Senate votes to confirm Buttigieg as U.S. DOT secretary

February 2, 2021

Land Line Staff


The U.S. Senate has confirmed Pete Buttigieg as the next transportation secretary.

On Tuesday, Feb. 2, Senators approved Buttigieg’s nomination by a vote of 86-13.

At age 39, the former South Bend, Ind., mayor will become the youngest DOT secretary in history.

During Buttigieg’s confirmation hearing on Jan. 21, he took mostly a “wait and see” approach to questions relating to trucking. However, he touted the importance of the role that transportation and trucking plays for the country.

“I believe good transportation policy can play no less a role than making the American dream possible,” Buttigieg said at the hearing. “Getting people and goods where they need to be, directly and indirectly creating good-paying jobs.”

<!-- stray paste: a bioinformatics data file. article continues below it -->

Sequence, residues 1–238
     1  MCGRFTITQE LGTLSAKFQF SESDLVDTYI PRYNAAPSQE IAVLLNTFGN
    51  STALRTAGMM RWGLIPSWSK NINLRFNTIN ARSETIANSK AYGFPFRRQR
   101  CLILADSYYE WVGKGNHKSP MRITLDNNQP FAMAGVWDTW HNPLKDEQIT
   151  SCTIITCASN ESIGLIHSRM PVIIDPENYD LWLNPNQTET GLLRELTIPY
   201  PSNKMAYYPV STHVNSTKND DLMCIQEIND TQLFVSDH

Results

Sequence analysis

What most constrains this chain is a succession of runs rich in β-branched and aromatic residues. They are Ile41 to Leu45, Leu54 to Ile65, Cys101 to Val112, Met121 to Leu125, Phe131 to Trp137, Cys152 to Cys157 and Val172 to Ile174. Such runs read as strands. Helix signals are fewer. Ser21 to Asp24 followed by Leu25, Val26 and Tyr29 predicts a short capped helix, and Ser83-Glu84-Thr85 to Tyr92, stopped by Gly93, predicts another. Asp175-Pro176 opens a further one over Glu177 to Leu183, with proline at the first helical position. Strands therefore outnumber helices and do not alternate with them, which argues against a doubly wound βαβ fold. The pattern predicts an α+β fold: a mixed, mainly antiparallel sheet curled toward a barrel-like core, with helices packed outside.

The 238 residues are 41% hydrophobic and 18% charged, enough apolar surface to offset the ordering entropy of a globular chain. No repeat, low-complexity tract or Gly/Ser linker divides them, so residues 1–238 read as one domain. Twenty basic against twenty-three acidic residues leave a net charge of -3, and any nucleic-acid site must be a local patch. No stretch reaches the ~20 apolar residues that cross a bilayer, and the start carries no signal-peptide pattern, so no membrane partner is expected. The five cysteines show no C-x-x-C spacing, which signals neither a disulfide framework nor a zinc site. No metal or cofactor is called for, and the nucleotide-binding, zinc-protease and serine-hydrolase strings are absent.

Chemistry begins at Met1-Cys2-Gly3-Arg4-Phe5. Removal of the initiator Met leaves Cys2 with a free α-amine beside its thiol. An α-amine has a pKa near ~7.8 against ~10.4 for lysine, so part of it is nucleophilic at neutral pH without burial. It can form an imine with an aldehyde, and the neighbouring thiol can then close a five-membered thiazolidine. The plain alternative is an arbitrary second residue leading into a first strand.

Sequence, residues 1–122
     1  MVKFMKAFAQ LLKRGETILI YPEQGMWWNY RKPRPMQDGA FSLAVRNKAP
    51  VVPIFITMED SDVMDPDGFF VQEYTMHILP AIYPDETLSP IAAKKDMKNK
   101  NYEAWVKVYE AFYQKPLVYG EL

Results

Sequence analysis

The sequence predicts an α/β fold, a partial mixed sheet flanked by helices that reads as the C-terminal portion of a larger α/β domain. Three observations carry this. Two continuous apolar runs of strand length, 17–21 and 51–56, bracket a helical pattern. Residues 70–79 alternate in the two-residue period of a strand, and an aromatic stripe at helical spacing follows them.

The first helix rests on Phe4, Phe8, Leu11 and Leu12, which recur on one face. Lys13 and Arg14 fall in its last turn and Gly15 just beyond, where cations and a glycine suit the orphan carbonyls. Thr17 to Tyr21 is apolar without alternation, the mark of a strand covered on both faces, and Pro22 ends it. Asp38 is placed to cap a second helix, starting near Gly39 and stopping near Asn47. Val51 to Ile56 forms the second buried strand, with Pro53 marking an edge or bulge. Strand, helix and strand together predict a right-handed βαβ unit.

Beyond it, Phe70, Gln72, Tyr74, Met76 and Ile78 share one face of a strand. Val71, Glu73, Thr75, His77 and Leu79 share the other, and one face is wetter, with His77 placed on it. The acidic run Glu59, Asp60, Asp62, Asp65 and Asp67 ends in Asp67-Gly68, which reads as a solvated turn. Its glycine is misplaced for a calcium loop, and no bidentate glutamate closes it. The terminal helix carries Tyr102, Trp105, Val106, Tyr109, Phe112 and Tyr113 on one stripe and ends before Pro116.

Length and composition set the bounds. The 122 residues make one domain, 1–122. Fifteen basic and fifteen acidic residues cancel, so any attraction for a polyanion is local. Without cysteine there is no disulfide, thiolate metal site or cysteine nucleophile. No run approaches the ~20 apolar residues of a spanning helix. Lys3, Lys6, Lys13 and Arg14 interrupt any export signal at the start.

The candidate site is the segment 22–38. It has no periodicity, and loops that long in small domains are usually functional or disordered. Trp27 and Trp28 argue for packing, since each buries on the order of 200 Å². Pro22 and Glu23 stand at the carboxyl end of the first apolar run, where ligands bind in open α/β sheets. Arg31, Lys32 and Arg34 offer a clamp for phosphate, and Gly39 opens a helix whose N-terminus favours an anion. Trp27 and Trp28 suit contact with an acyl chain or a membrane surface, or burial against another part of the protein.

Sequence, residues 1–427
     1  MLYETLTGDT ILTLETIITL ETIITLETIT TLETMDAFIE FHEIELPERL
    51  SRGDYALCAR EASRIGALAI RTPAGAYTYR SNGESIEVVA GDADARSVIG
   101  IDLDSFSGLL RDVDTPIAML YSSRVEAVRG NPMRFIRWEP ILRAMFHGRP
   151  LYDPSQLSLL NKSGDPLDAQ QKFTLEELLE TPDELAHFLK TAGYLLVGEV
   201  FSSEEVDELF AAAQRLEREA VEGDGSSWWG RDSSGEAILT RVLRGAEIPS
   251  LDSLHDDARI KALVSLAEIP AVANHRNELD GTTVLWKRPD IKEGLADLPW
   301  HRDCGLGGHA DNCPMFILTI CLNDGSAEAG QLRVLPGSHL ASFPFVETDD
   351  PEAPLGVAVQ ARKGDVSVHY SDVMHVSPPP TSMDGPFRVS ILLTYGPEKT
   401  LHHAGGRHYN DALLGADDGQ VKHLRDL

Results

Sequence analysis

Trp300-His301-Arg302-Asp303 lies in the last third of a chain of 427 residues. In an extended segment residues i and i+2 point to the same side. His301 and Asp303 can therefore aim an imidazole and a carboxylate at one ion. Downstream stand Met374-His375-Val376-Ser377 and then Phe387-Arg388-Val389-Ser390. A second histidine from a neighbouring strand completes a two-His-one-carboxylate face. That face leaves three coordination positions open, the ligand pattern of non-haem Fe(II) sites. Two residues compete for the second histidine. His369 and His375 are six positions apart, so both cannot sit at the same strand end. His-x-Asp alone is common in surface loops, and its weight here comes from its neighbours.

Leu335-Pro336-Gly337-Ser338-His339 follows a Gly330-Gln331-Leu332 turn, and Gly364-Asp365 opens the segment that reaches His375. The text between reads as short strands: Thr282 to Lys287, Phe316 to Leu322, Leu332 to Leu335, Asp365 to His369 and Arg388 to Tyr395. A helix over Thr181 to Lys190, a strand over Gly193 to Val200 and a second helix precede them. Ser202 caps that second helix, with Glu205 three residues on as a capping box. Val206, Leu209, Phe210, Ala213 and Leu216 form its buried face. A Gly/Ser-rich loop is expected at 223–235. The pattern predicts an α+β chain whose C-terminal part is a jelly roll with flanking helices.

When asked about specific topics, such as if he would support an FMCSA pilot program to evaluate split sleeper berth options, he was noncommittal.

“I’d want to take a closer look at this and engage with stakeholders as well to make sure I understand how this pilot program squares the goals of worker and traveler safety with the goals of flexibility,” he said.

Regarding hours-of-service exemptions for livestock haulers, Buttigieg didn’t provide a stance on the topic but did admit that regulations can’t always be one size fits all.

“Sometimes our policies can’t tell the difference between live animals and other kinds of cargo,” Buttigieg said in response to a question from Sen. Jon Tester, D-Mont. “That’s something I’m eager to look into and work with you on.”

Buttigieg also declined to show all of his cards on NHTSA’s plan to modernize rules surrounding autonomous vehicles, but suggested that he believes the technology could be here relatively soon.

“Automated vehicle technology is coming,” Buttigieg said. “It’s advancing very quickly. It is something that holds the potential to be transformative, and I think in many ways policy hasn’t kept up. I haven’t had a chance to evaluate this last step in detail, but I look forward to digging in on that. More broadly, making sure that we’re acting so that on the policy side we’re ready for all of the things that autonomous technology can bring to our roads and to our economy.” LL